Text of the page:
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Crypturellus cinereus

Crypturellus cinereus (*)

Superregnum: Eukaryota
Regnum: Animalia
Subregnum: Eumetazoa
Cladus: Bilateria
Cladus: Nephrozoa
Superphylum: Deuterostomia
Phylum: Chordata
Cladus: Craniata
Subphylum: Vertebrata
Infraphylum: Gnathostomata
Superclassis: Tetrapoda
Cladus: Reptiliomorpha
Cladus: Amniota
Classis: Reptilia
Cladus: Eureptilia
Cladus: Romeriida
Subclassis: Diapsida
Cladus: Sauria
Infraclassis: Archosauromorpha
Cladus: Crurotarsi
Divisio: Archosauria
Subsectio: Ornithodira
Subtaxon: Dinosauromorpha
Cladus: Dinosauria
Ordo: Saurischia
Cladus: Theropoda
Cladus: Neotheropoda
Infraclassis: Aves
Cladus: Euavialae
Cladus: Avebrevicauda
Cladus: Pygostylia
Cladus: Ornithothoraces
Cladus: Euornithes
Cladus: Ornithuromorpha
Cladus: Ornithurae
Cladus: Carinatae
Parvclassis: Neornithes
Cohors: Palaeognathae
Ordo: Tinamiformes

Familia: Tinamidae
Genus: Crypturellus
Species: Crypturellus cinereus

Crypturellus cinereus (Gmelin, 1789)

Original combination: Tetrao cinereus


Systema Naturae 1 pt2 p. 768
Vernacular names
čeština: Tinama podrostní
English: Cinereous tinamou
español: Tinamú sombrío
français: Tinamou cendré
jbt: Kuraheri
lietuvių: Peleninis tinamas
polski: kusacz popielaty
português: Inhambu-preto
svenska: Askgrå tinamo

The cinereous tinamou (Crypturellus cinereus), also known as brushland tinamou,[3] is a type of ground bird found in swamp and lowland forests in northern South America.[4] They have some localized names that have been used by the indigenous people such as in Amazonas where they are called inambu-pixuna, and in Pará, Brazil where they are called nambu-sujo. Also, throughout their range they are called inhambu-preto.[5] Cinereous tinamous have been around for many centuries. They are part of the oldest families of the world today and have fossils discovered dating back tens of millions of years. Their quick reflexes play a role in their ability to survive.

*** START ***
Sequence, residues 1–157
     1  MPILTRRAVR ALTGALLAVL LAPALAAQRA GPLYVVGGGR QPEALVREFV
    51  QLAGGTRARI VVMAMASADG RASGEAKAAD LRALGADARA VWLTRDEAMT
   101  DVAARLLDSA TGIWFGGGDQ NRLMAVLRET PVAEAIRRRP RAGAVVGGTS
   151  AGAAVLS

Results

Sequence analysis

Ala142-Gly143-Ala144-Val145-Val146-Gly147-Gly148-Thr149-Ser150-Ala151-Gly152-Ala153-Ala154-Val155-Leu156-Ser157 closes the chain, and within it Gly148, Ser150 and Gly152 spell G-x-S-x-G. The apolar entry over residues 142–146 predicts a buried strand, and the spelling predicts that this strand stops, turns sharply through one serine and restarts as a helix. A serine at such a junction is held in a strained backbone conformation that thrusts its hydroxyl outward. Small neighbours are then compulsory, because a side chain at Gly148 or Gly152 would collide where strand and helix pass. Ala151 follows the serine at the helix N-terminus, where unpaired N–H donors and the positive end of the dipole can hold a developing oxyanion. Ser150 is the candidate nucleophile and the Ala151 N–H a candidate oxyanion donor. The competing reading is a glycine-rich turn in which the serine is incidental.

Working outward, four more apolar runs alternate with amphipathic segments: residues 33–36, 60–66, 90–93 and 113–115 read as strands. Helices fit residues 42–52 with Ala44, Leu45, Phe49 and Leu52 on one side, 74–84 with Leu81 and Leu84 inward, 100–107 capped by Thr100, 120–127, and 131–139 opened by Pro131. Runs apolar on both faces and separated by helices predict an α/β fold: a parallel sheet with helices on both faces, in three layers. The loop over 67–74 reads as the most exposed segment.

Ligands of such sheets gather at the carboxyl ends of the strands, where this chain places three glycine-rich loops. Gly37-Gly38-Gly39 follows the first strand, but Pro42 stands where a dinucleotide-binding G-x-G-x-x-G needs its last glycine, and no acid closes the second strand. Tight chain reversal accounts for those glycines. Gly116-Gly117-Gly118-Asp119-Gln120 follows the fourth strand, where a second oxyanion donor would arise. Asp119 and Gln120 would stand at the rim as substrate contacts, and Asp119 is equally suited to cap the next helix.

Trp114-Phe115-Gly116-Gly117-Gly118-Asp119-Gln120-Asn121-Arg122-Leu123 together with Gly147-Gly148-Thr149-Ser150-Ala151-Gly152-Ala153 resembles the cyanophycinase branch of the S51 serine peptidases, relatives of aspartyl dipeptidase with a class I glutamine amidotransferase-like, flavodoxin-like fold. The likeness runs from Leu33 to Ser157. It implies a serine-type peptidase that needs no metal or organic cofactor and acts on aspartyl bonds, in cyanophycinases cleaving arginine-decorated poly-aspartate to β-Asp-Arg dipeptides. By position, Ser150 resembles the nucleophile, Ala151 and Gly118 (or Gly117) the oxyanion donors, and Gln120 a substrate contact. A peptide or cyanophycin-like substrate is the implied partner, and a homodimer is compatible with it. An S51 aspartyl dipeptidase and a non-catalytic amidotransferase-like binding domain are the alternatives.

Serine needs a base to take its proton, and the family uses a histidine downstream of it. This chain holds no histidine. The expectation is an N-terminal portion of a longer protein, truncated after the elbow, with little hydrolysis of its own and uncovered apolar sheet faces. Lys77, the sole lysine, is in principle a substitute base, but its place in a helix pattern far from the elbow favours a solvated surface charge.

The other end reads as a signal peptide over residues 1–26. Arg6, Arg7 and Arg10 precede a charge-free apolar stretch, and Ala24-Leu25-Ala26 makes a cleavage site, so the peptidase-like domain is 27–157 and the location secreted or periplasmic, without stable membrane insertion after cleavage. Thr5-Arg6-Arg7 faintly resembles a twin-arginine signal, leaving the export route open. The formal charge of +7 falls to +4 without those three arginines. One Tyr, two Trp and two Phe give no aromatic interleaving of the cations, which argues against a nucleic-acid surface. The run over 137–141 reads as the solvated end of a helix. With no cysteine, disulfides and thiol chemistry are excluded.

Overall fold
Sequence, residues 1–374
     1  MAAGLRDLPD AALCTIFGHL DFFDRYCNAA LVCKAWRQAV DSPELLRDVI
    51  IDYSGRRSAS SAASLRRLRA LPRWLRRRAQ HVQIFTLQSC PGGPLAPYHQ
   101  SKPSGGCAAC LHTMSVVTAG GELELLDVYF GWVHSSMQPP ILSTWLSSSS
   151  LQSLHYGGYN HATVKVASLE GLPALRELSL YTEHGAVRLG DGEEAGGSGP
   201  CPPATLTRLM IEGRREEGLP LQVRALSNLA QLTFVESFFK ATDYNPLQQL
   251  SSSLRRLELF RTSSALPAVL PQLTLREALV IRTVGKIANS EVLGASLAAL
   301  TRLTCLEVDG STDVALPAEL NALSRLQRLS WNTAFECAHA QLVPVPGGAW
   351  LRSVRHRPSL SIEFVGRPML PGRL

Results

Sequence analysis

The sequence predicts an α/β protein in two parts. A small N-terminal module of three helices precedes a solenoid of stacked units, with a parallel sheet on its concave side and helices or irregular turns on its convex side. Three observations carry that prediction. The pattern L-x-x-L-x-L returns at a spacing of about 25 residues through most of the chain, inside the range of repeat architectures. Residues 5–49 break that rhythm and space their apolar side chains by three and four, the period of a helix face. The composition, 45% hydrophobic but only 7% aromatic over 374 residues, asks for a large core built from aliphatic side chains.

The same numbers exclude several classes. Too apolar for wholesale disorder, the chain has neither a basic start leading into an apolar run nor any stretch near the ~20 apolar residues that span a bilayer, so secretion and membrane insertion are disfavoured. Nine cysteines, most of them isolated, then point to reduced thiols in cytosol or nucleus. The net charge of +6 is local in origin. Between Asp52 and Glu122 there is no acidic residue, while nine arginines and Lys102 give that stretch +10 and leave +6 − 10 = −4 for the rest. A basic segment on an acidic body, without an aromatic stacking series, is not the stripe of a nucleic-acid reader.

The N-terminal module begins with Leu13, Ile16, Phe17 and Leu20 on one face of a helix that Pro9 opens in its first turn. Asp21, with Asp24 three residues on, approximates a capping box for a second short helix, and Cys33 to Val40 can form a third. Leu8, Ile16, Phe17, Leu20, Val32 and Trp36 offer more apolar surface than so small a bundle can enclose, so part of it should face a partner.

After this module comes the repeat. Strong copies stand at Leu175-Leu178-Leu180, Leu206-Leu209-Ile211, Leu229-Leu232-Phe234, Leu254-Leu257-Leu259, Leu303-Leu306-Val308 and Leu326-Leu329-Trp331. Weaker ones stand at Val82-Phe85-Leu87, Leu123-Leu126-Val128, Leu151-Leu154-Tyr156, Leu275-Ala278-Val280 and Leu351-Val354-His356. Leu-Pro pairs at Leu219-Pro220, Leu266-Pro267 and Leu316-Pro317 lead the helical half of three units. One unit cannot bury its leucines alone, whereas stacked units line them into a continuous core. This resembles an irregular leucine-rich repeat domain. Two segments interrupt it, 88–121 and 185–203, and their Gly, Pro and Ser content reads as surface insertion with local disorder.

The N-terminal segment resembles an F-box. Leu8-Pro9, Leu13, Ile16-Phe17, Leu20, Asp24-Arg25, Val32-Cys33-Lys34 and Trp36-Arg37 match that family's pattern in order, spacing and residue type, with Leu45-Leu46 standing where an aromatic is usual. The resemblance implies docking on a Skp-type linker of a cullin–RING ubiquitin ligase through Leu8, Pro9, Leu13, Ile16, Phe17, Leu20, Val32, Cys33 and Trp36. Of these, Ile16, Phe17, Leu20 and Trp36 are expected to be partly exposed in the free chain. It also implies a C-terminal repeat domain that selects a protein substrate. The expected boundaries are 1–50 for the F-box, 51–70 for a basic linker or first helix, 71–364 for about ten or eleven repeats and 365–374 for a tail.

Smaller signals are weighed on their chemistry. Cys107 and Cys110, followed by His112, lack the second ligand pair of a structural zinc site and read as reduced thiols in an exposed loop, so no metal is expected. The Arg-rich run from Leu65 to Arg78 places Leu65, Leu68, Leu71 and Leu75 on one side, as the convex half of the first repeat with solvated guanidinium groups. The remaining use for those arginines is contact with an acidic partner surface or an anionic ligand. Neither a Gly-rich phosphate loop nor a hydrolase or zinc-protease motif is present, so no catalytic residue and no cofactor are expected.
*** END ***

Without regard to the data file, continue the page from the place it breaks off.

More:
The cinereous tinamou is a monotypic species.[4] All tinamous are from the family Tinamidae, and in the larger scheme are also ratites. Unlike other ratites, tinamous can fly, although in general, they are not strong fliers. All ratites evolved from prehistoric flying birds and tinamous are the closest living relative of these birds.[6] Gmelin originally placed this bird in the Tetrao genus, as Tetrao cinereus,[3] which is indicative of its apparent, but incorrect, closeness to the other game birds.

Crypturellus is formed from three Latin or Greek words. Kruptos meaning covered or hidden, oura meaning tail, and ellus meaning diminutive. Therefore, Crypturellus means small hidden tail.[7] The term cinereous describes its colouration.

The cinereous tinamou is a shy and secretive bird. It is approximately 29–32 cm (11–13 in) in length,[3][5] and the male bird weighs around 435 grams (15.3 oz) and the female of the species weighs 549–602 grams (19.4–21.2 oz).[3]

It is colored similar to the Berlepsch's tinamou in that it is dark brown to sooty brown or brownish black in coloration. It tends to be a tad more brown than the Berlepsch's tinamou. It is recognized by its smoky-grey with reddish-brown crown and nape.[3] The feather shafts on side of its head are white, which shows through on occasion.[5] Their color helps them blend with the environment making it harder for predators to detect them. The under parts of the bird are only slightly paler than the body, and the legs appear a dull orange to yellow. They have a light-colored eye ring.[3] Their bill has a dark upper mandible and a yellow lower mandible. In general, their bill is very similar to the Berlpesch's tinamou's except it trends smaller and thinner.[3] The females are generally slightly larger in size then the males.